Memo outlines Monroe County’s reasoning for scrapping inoperable Sheriff’s Office vehicles

BLOOMINGTON, INDIANA – APRIL 21: Monroe County Sheriff’s Office vehicles are scrapped on April 21, 2022, in Bloomington, Indiana. The inoperable vehicles were sent to a scrapyard after being deemed inoperable, too expensive to repair, and not worth enough to be sold for parts. (Photo by Jeremy Hogan/The Bloomingtonian)

Photos recently posted to social media showed several vehicles marked, “Sheriff,” piled up at a local scrapyard in Bloomington, Indiana. Bloomingtonian readers reached out to ask why the county may have sent the cars to the scrapyard. The Bloomingtonian went to take a look and found several cars about to be recycled.

Today the following memo was provided to the media to explain Monroe County’s reasoning. According to the memo the vehicles, which were inoperable for various reasons, and not cost-effective to repair, were deemed to be worth less than 1000-dollars per vehicle for parts, and sent to the scrapyard following state law:

The memo begins here:




INFORMATION18 April 2022
TO:Angie Purdie, Commissioned s Executive
FROM:Greg Crohn, Facilities & Fleet Manager
SUBJECT:Disposal of Retired Sheriffs Vehicles


A total of eleven (11) Sheriffs vehicles have been declared as surplus since April of 2021. One vehicle (2008 Ford Explorer) has been signed over to the Town of Stinesville for use by their Town Marshall. A second (2006 Chevrolet Trail Blazer), is intended to go to the ILEA (Indiana Law Enforcement Academy for Driver Training), per Sheriffs Swain’s request for a donation to the organization.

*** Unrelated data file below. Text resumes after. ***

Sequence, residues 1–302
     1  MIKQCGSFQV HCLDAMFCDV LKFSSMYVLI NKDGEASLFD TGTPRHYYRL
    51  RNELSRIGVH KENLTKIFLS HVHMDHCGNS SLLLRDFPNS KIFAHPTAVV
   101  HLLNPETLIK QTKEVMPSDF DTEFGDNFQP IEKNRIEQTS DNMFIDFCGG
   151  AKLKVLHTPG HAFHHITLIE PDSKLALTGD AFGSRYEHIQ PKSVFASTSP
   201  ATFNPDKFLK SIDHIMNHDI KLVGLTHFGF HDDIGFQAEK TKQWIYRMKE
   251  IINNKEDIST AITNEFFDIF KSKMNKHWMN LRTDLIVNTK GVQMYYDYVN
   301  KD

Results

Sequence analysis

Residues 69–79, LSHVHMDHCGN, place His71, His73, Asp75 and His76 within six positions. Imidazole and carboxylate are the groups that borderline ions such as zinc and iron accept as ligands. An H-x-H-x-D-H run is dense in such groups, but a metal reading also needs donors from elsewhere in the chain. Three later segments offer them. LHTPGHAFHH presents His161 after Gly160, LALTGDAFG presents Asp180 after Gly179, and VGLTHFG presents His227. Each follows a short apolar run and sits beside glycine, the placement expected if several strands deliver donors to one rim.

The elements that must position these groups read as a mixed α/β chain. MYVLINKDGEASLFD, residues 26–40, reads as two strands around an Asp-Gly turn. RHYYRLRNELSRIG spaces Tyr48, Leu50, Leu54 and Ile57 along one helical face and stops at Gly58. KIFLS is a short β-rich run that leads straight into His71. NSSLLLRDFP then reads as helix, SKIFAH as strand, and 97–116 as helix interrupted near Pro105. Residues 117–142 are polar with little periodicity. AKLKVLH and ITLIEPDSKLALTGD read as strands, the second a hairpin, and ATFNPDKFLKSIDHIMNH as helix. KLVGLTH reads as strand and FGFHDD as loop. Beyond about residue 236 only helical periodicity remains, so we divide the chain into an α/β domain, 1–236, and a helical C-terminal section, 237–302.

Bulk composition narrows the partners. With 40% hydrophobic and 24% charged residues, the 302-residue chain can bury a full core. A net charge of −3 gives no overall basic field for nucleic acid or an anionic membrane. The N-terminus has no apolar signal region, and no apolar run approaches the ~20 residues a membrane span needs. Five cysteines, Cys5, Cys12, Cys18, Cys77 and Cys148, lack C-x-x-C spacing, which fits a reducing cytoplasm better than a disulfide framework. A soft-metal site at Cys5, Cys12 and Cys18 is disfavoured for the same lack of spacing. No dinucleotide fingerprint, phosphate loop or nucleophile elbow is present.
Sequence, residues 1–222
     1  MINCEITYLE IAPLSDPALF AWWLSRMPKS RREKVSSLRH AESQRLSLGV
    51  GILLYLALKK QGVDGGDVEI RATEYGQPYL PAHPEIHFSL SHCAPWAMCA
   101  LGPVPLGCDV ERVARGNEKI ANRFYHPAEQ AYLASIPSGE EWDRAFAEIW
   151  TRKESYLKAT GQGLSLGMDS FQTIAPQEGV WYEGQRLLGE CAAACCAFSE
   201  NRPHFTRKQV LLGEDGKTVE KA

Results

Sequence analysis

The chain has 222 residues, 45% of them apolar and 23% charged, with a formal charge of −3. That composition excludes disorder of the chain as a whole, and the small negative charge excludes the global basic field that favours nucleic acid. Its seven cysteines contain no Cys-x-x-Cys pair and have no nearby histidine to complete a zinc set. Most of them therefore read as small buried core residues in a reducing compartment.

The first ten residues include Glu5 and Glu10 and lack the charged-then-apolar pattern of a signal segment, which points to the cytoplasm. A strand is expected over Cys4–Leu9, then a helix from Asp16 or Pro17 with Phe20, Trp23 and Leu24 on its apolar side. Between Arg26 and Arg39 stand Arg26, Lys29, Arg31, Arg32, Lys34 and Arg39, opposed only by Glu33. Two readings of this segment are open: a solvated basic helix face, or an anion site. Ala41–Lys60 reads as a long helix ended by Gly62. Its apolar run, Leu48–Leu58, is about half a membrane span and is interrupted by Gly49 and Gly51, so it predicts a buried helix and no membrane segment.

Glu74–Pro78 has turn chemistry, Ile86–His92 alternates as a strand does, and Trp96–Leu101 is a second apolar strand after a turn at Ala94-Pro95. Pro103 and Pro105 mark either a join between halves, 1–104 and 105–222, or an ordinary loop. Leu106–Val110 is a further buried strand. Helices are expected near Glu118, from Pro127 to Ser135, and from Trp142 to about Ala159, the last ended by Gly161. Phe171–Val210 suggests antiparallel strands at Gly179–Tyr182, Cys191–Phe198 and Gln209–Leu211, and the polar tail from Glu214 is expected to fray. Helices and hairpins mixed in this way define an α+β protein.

The remaining nine (9) vehicles in the surplus, all early police model Dodge Chargers, were completely inoperable vehicles. Drive train, engine, ECM (Electrical Control Module) and other electrical issues rendered them beyond cost effective to repair.

Due to the inoperable condition, and additionally, the number of roof penetrations for the older iterations of up-fit equipment, these vehicles were not acceptable for trade-in to John Jones Auto Group, whom currently provides our new police rated vehicles.

State Law dictates that all up-fit equipment, to include decals and badging, must be removed prior to listing on public sale. Due to the volume of work involved to completely remove all items not available for public market, quotes obtained to “down-fit” ranged from $600-$750 per unit. Their inoperable condition deemed that any auction listing would be “AS PARTS ONLY”. Based on current market trends, resale value as “parts”, was anticipated to be $1000 per unit or less.

Based on the salvage quote of $500 per unit the County will receive, it was determined that crushing the vehicles for scrap was the cost effective solution and to forgo any additional costs, other than towing of the vehicles (a total cost of $600.00), to the tax payer.

On Monday April the 18th, the vehicles were towed by Ricks Towing to JB Salvage. They will be crushed tod , Thursday A ‘1 21st

  Gregory S. Crohn                                                                     21 APRIL 2022″

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